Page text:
How big? Let's say if every bit can be represented by one electron, which is not possible but still we say if this is possible, and we were to store every possibility, then you will have

1 electron is 1/1837 weight of an AMU, atomic mass unit

1 gram is equivalent to 1,675,000,000,000,000,000,000,000 AMU

According to this, the weight of our data only on our hard disk will be 188,996 kg ( 416,292 lb) or almost 200 metrictons. Which is to say you will have pretty heavy metal on your desktop. Not a good idea to put all this data in your laptop. In fact according to current hard disk technology your harddisk will instantly turn into a black hole and suck up everything around if you try to store all 3DES keys possible.

So, don't mess around with 3DES without adult supervision.

MAC : MESSAGE AUTHENTICATION CODE

One of the useful applications of DES and 3DES is MAC: Message Authentication Code. MAC is used to ensure INTEGRITY while DES/3DES ensures CONFIDENTIALITY. This means, using MAC, you can create a digital signature to assure that no part of the message, not even one bit has been changed in transit.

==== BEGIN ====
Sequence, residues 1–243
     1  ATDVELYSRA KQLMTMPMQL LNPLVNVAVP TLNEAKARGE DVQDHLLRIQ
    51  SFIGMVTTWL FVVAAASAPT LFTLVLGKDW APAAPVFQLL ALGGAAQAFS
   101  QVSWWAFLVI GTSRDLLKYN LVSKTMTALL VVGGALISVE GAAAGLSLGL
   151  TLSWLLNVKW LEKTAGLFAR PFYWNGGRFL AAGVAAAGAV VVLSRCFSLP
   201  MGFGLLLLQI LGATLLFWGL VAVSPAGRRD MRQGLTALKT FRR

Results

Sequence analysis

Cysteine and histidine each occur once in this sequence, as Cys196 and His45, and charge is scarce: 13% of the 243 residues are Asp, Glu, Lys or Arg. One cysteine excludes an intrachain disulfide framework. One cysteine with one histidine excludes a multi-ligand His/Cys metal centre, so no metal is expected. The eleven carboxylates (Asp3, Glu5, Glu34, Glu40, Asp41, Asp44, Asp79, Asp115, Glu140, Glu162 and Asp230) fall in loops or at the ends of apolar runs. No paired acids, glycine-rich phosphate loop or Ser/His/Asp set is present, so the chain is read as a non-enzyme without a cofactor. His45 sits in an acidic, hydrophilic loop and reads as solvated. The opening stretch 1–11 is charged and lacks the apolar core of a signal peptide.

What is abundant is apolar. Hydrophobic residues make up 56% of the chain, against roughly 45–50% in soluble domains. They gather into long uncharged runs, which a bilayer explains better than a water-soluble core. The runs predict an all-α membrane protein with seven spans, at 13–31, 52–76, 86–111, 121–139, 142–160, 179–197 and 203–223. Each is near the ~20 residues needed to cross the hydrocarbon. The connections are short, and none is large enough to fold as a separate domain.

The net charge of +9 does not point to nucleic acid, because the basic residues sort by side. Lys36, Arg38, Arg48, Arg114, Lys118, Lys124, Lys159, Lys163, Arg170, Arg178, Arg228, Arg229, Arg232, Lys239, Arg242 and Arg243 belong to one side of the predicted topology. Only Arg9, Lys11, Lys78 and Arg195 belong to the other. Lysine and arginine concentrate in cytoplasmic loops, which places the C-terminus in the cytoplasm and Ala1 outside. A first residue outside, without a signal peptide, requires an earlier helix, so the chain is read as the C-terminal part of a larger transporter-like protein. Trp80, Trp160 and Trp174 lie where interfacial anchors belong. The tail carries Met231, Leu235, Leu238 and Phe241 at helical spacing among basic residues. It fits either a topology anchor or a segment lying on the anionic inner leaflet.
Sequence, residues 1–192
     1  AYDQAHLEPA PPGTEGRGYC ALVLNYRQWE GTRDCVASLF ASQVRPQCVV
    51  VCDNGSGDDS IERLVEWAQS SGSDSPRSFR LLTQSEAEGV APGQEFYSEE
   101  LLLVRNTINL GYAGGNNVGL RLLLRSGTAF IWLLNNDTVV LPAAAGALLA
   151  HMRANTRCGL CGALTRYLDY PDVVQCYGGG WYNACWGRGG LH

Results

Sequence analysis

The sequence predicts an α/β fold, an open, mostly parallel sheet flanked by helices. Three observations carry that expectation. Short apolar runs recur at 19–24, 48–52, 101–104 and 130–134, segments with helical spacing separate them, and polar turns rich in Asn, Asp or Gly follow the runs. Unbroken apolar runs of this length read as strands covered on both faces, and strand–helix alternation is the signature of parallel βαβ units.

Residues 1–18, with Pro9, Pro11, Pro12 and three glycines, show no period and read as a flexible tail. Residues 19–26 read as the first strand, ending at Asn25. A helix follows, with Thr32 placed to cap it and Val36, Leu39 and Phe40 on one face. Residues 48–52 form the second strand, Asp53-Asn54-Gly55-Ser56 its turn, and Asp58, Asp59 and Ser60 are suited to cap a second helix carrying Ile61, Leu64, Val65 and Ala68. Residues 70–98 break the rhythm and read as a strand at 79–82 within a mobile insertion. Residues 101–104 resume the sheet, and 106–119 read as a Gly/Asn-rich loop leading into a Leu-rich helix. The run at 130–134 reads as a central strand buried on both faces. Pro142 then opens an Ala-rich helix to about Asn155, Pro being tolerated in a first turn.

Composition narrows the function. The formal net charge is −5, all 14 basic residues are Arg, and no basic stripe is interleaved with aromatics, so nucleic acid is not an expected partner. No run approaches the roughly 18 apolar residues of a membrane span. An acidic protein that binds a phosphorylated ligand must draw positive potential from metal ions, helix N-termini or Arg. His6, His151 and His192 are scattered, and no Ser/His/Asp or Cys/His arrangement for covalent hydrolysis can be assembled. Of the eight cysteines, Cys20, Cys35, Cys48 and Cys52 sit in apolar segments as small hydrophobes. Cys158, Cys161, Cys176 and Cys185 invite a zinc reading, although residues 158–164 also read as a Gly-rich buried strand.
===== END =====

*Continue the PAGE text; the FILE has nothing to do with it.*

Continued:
For example, if you are making a wire transfer from account number 1029121 to 2771099 for $125.00, you will not want someone messing around with data to divert the funds to account number 2499911 instead. Neither, do you want the amount of transfer changed from $125.00 to $12,500.00. Hence, the two banks exchange the MAC'ing keys used for transfers. Each transferred message is then divided into 8 byte blocks. These 8 byte blocks are then successively encrypted using either DES or 3DES, XORing the next block to the encrypted value of previous block until the end of the message is reached.

This procedure results in an 8 byte hexadecimal value. Usually you take the left half 4 bytes and call this the MAC of the message. You append this MAC to the end of each message. Finally the recipient gets the message and MAC. The receiver then recomputes the MAC again using the agreed upon key and compares the transmitted MAC. If the two MAC's don't match, then the data has been violated in transit.

Of course this same technique can be applied to files stored on the disk. You can put a MAC at the end of each line of a critical contract and one MAC for the entire document. If the document MAC doesn't match the expected MAC, then you can check every line with the Line MACs to see which line of the document was altered. Likewise, you can put MACs to every accounting record to detect any internal fraud by an employee messing with company accounts.